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New 2017 Nationwide Permits Are Effective as of March 19, 2017

on Monday, 17 April 2017 in Dirt Alert: David C. Levy, Editor

In accordance with section 404(e) of the Clean Water Act (the “CWA”) and section 10 of the Rivers and Harbors Act of 1899, the U.S. Army Corps of Engineers (the “Corps”) adopted a general permitting process to address limited common discharges of dredged or fill material into jurisdictional “waters of the U.S.”  Nationwide Permits (“NWPs”) provide a streamlined cost-effective means for thousands of projects each year to comply with the CWA, in contrast to the costly and time-consuming individual permitting process.  NWPs cover a wide array of projects, including residential development, transmission lines, oil and gas pipelines, and roads projects.  Projects must meet the requirements of the applicable NWP, in addition to the General Conditions (“GCs”) applicable to all NWPs.  The Corps regularly alters the GCs and the scope of impacts and documentation required for the use of NWPs, which are typically effective for five years.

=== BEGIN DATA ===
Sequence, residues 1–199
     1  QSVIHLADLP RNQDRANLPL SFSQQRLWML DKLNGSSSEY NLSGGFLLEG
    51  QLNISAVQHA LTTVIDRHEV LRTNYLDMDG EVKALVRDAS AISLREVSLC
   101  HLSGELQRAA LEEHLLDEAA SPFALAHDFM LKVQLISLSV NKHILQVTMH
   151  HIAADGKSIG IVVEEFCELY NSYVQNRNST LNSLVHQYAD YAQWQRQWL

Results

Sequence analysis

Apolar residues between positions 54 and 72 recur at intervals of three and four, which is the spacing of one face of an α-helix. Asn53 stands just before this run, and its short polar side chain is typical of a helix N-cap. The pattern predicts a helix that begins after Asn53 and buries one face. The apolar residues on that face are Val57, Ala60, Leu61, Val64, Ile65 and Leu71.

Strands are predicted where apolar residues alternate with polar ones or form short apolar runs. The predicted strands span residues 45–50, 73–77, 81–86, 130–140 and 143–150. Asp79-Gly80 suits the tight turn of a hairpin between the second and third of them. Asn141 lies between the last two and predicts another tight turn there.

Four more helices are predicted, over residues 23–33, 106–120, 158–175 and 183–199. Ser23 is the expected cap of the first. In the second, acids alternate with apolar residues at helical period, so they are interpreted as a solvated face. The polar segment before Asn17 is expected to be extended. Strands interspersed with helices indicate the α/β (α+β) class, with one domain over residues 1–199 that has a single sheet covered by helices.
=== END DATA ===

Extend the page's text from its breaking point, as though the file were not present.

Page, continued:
The Corps adopted new GCs and 54 new NWPs, which became effective March 19, 2017.  In addition to establishing two new permits, the 2017 NWPs impose changes to a number of the preexisting permits and the GCs applicable to all NWPs.  

Of particular importance are changes to NWPs 51 and 52, which govern land- and water-based renewable energy generation facilities.  Unless an applicant obtains a waiver, impacts from these projects to “waters of the U.S.” are limited to one-half acre.  Furthermore, land-based renewable energy generation projects covered by NWP 51 now require the applicant to provide the Corps a pre-construction notification (a “PCN”).  When a project requires a PCN, the applicant cannot commence the covered activity until after a 45-day waiting period, during which time the Corps can review and comment on an NWP’s applicability to the proposed project.  

In many cases, applicants must either tailor projects to fall within the scope of impacts permissible under a specific NWP or seek a waiver from the Corps to proceed under an NWP if impacts will exceed limitations.  Unpermitted impacts to “waters of the U.S.” can trigger an enforcement action by the Corps and significant civil and criminal penalties.  Accordingly, we recommend a thorough review of the new 2017 NWPs and GCs prior to proceeding with a project that may impact “waters of the U.S.”

A complete list of the 2017 NWPs and GCs is available here.

Vanessa A. Silke


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